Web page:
Scientists have discovered a revolutionary method that can safely transform carbon dioxide, one of the largest contributors to climate change, into stone.
“For permanent storage, this is the ultimate in safety,” said lead author Juerg Matter from Southampton University, UK, “Carbonate minerals are really stable.”
An international team of researchers have reported that they have discovered a method of storing carbon dioxide in basalt rocks. As part of the experiment, researchers pumped CO2 and water into the volcanic rock under Iceland, where it rapidly transformed into a solid rock.
According to the report, published in the journal Science, the researchers were amazed by how fast the gas turned into a solid. Scientists had originally feared that the solidifying process would take hundreds of thousands of years. However, 95 percent of the mixture had transformed into a chalky white stone within just two years. “Of our 220 tonnes of injected CO2, 95% was converted to limestone in less than two years,” said Matter.
“It’s what we hoped for … and in some ways better,” said David Goldberg, a Columbia University geophysicist who wasn’t part of the team, but praised it. “What’s going on here is a natural process being accelerated.”
As the effects of climate change continue to accelerate across the globe, the search for innovative solutions is fast becoming our best chance to halt global warming and other changes in our climate. Carbon Dioxide (CO2) enters the atmosphere through burning fossil fuels, soil waste, trees and wood products, making it the primary greenhouse gas emitted through human activity.
As a result, researchers are becoming increasingly keen to investigate so called “carbon capture and storage” (CCS) solutions. Previous CCS experiments have primarily centered around the idea of injecting CO2 into specially selected sandstone soils or deep saline aquifers. However, with increasing fears that the CO2 may one day find a way to leak back into the atmosphere, this recent experiment has instilled hope that a permanent solution is just over the horizon.
The recent pilot experiment, called the Carbfix project, took place at Iceland’s Hellisheidi power plant, the world’s largest geothermal facility. Working with the plant, the researchers were able to combine CO2 with water to make a slightly acidic liquid, which was sent hundreds of metres down into the volcanic basalts.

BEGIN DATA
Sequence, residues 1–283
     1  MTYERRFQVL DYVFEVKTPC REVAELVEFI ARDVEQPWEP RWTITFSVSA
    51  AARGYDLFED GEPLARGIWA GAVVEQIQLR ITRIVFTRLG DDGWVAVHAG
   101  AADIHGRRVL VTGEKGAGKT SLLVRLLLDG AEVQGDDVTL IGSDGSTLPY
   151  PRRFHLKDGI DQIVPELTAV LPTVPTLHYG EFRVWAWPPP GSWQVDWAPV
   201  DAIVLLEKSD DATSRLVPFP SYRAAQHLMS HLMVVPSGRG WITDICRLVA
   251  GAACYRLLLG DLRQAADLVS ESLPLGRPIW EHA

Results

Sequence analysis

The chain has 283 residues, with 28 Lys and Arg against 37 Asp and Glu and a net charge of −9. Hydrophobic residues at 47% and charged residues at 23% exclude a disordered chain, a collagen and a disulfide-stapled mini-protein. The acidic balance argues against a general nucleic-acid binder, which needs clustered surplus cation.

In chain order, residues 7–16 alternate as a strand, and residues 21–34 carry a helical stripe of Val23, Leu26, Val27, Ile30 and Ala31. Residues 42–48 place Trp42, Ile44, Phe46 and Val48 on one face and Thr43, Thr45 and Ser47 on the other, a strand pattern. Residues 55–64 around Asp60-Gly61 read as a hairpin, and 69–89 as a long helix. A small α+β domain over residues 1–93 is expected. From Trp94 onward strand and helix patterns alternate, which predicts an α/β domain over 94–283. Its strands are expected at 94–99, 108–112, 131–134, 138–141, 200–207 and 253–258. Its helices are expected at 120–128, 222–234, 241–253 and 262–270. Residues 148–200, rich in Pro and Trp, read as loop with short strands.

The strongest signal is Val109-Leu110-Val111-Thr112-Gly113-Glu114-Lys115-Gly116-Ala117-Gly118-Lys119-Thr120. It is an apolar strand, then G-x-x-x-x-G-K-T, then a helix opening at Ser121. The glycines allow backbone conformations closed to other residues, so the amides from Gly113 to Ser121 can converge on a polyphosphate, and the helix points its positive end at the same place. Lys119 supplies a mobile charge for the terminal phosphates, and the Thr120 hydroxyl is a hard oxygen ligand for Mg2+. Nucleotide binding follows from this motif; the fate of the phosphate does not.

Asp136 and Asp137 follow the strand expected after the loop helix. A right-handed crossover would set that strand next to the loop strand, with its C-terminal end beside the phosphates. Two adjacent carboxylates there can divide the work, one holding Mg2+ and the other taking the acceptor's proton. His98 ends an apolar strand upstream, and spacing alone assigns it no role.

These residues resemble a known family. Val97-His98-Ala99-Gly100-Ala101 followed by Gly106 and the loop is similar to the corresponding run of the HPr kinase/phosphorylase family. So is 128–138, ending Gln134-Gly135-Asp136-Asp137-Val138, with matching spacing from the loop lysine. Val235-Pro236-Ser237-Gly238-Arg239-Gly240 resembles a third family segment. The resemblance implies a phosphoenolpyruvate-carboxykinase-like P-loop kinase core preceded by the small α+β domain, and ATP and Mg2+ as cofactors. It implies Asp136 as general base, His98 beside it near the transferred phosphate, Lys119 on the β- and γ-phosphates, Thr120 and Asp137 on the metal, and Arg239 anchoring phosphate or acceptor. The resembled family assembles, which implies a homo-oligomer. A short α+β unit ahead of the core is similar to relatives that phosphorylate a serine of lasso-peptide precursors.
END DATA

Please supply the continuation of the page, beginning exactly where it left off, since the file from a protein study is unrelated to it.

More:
The water, which had a low PH level (3.2), worked to dissolve the calcium and magnesium ions in the basalts. This then reacted with the carbon dioxide to make calcium and magnesium carbonates, writes the BBC.
“We need to deal with rising carbon emissions and this is the ultimate permanent storage – turn them back to stone,” said Juerg Matter.
Although injecting CO2 into basalt is slightly more expensive than other storage methods, it does not require regular monitoring. In the wake of its success, the Carbfix project has begun scaling up to bury 10,000 tonnes of carbon dioxide a year.
“This means that we can pump down large amounts of CO and store it in a very safe way over a very short period of time,” said study co-author Martin Stute, a hydrologist at Columbia University’s Earth Observatory.
“In the future, we could think of using this for power plants in places where there’s a lot of basalt — and there are many such places.”
Dr Matter added: “You can find basalts on every continent and, certainly, you can find them offshore because all the oceanic crust – so below the seafloor – is all basaltic rocks. In terms of the availability of basaltic rocks to take care of CO2 emissions globally – no problem.”
A 2014 report by the Intergovernmental Panel on Climate Change concluded that CCS is a vital part of the effort to reduce the effects of climate change.
“Carbon capture is not the silver bullet, but it can contribute significantly to reducing carbon dioxide emissions,” Dr Matter said.
Image: Flickr, Julia (CC BY-SA 2.0)
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